There are some words which, when spoken frequently, might indicate that you are stressed, a new US study has found.
According to a group of speech experts, when someone is stressed they will naturally use more adverbs such as “really”, “so” and “very”.
They will also speak less, the researchers found.
Published in the Proceedings of the National Academy of Sciences, the study examined the speech patterns of 143 volunteers, each of whom wore a voice recorder which was turned on every few minutes for two days.
Matthias Mehl, a psychologist at the University of Arizona, subsequently transcribed and studied the recordings, listening out for any repeated words and expressions.
He was particularly interested in the volunteers' use of pronouns and adjectives.
“By themselves they don’t have any meaning, but they clarify what’s going on,” Mehl told Nature.
Next, he and a team of genomicists analysed participants’ psychological stress levels by looking at the gene expression in their white blood cells.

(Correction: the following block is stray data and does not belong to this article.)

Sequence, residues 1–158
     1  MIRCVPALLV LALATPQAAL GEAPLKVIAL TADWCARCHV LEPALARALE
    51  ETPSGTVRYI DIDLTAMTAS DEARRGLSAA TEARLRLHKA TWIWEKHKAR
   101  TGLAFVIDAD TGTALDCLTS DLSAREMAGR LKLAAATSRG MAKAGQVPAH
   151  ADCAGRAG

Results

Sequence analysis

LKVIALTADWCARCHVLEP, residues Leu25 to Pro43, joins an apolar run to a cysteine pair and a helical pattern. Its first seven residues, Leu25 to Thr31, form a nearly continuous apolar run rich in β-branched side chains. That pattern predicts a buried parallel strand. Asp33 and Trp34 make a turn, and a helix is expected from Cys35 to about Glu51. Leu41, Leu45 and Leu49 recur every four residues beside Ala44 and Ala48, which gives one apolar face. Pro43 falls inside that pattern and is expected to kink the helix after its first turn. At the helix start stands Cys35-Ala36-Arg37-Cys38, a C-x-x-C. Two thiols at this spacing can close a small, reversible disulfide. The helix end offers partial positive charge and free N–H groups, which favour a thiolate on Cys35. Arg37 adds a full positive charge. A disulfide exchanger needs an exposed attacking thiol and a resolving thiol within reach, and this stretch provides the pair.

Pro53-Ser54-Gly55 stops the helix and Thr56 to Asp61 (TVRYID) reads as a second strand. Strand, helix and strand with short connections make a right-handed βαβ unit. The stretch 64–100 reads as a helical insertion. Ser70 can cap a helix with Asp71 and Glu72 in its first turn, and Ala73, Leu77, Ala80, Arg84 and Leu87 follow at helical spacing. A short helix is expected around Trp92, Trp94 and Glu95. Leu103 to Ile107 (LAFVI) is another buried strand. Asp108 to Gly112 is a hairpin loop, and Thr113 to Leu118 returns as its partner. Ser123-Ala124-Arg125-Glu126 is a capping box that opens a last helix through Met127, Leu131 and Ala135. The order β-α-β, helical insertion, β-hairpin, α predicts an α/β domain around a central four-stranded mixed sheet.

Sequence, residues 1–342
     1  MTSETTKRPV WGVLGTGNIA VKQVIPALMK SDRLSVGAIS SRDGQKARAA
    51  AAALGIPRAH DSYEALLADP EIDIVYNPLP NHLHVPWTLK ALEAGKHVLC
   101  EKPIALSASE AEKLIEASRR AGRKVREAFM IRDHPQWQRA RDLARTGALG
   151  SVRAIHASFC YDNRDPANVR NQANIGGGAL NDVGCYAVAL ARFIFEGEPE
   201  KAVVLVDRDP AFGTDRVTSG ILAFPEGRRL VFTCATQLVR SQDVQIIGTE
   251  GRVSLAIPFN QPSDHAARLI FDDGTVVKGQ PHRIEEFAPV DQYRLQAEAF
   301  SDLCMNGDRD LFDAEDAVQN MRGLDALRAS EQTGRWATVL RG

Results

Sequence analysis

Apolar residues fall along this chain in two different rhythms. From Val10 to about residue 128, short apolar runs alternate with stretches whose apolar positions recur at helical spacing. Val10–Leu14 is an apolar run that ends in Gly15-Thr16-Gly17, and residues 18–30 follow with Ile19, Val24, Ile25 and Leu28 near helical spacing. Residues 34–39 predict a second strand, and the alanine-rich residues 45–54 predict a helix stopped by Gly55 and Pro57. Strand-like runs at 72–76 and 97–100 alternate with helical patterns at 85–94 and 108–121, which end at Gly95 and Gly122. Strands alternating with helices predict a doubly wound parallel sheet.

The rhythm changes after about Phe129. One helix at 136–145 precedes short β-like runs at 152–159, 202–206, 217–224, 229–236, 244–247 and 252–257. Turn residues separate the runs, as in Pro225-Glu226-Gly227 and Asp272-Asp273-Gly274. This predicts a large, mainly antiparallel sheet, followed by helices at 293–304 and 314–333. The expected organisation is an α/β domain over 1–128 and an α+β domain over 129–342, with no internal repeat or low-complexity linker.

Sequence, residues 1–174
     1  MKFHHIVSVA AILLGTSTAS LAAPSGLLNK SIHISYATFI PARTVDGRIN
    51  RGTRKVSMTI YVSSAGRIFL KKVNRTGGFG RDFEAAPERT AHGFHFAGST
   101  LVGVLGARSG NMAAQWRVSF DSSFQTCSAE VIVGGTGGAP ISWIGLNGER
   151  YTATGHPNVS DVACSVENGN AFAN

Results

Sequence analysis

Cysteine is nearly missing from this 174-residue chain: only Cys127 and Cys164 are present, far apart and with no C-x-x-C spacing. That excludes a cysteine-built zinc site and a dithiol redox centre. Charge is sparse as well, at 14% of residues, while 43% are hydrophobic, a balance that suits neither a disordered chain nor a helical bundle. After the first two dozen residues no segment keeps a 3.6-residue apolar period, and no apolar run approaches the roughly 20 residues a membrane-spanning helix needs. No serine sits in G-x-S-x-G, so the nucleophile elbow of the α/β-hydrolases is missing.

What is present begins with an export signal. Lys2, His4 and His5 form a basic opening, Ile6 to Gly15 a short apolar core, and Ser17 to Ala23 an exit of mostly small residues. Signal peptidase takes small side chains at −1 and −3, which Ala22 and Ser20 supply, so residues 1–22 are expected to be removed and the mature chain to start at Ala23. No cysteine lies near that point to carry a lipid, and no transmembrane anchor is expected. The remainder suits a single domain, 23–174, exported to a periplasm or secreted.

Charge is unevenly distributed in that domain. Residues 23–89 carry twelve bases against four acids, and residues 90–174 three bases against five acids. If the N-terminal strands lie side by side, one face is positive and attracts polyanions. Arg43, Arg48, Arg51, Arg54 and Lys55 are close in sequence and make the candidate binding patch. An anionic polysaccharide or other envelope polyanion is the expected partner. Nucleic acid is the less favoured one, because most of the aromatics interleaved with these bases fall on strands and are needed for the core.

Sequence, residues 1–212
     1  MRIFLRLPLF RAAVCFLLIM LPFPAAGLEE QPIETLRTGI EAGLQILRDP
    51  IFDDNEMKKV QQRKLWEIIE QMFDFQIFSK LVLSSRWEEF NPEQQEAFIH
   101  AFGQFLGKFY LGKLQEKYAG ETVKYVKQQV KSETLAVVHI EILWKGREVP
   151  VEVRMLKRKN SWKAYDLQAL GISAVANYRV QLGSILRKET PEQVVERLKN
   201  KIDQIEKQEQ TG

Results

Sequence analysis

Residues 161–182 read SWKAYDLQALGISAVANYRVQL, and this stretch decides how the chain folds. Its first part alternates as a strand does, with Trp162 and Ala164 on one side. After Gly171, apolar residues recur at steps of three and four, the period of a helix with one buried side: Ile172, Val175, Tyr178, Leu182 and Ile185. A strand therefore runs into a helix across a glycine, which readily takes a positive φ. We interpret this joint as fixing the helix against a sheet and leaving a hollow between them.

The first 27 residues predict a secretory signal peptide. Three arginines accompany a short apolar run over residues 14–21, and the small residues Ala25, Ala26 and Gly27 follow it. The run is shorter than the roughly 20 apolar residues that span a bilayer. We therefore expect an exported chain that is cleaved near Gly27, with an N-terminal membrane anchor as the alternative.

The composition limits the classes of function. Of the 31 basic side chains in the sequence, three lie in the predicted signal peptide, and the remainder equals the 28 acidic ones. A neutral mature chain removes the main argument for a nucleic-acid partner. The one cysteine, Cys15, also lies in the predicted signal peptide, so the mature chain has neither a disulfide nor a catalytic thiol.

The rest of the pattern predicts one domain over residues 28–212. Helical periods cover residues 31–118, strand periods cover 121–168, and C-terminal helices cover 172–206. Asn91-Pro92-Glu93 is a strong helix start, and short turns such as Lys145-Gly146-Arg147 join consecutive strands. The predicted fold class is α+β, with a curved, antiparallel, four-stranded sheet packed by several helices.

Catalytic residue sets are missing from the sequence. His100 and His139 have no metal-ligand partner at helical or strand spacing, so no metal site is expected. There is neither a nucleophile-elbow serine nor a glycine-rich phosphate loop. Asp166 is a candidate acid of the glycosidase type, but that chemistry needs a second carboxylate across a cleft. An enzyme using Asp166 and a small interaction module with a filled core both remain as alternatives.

In addition to finding that stressed participants were more likely to use adverbs, they also found that they were less likely to use third-person plural pronouns such as “their” and “they”.
This might be due to the fact that people tend to focus on themselves when they feel under pressure, rather than thinking about those around them, the researchers suggested.
They concluded that speech patterns were a better indicator of stress levels than a volunteer’s personal assessment.
While much research has been conducted on the subject of stress, linking it to speech patterns is a relatively new approach, explains David Creswell, a psychologist at Carnegie Mellon University in Pittsburgh, Pennsylvania.
Creswell said that the study “holds tremendous promise” for providing a deeper understanding into how psychological pressures can impact our health, reports Nature.